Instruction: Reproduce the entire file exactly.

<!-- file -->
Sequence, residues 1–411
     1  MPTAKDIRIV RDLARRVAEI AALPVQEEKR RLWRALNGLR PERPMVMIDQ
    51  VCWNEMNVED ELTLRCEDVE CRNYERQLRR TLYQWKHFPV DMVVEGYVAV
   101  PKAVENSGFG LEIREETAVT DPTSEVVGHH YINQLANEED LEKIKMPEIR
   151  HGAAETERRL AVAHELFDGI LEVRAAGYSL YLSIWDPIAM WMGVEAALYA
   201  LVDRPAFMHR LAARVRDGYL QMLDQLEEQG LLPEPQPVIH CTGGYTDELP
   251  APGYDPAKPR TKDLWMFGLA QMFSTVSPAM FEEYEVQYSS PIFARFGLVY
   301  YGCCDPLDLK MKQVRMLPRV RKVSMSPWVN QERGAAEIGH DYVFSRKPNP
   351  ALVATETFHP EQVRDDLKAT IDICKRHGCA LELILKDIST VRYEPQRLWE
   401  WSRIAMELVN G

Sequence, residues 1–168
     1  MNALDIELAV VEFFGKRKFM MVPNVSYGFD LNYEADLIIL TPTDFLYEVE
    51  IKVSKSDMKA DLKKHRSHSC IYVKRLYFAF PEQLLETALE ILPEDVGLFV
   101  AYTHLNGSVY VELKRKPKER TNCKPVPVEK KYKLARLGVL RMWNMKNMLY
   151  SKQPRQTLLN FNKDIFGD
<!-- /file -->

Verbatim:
Sequence, residues 1–411
     1  MPTAKDIRIV RDLARRVAEI AALPVQEEKR RLWRALNGLR PERPMVMIDQ
    51  VCWNEMNVED ELTLRCEDVE CRNYERQLRR TLYQWKHFPV DMVVEGYVAV
   101  PKAVENSGFG LEIREETAVT DPTSEVVGHH YINQLANEED LEKIKMPEIR
   151  HGAAETERRL AVAHELFDGI LEVRAAGYSL YLSIWDPIAM WMGVEAALYA
   201  LVDRPAFMHR LAARVRDGYL QMLDQLEEQG LLPEPQPVIH CTGGYTDELP
   251  APGYDPAKPR TKDLWMFGLA QMFSTVSPAM FEEYEVQYSS PIFARFGLVY
   301  YGCCDPLDLK MKQVRMLPRV RKVSMSPWVN QERGAAEIGH DYVFSRKPNP
   351  ALVATETFHP EQVRDDLKAT IDICKRHGCA LELILKDIST VRYEPQRLWE
   401  WSRIAMELVN G

Sequence, residues 1–168
     1  MNALDIELAV VEFFGKRKFM MVPNVSYGFD LNYEADLIIL TPTDFLYEVE
    51  IKVSKSDMKA DLKKHRSHSC IYVKRLYFAF PEQLLETALE ILPEDVGLFV
   101  AYTHLNGSVY VELKRKPKER TNCKPVPVEK KYKLARLGVL RMWNMKNMLY
   151  SKQPRQTLLN FNKDIFGD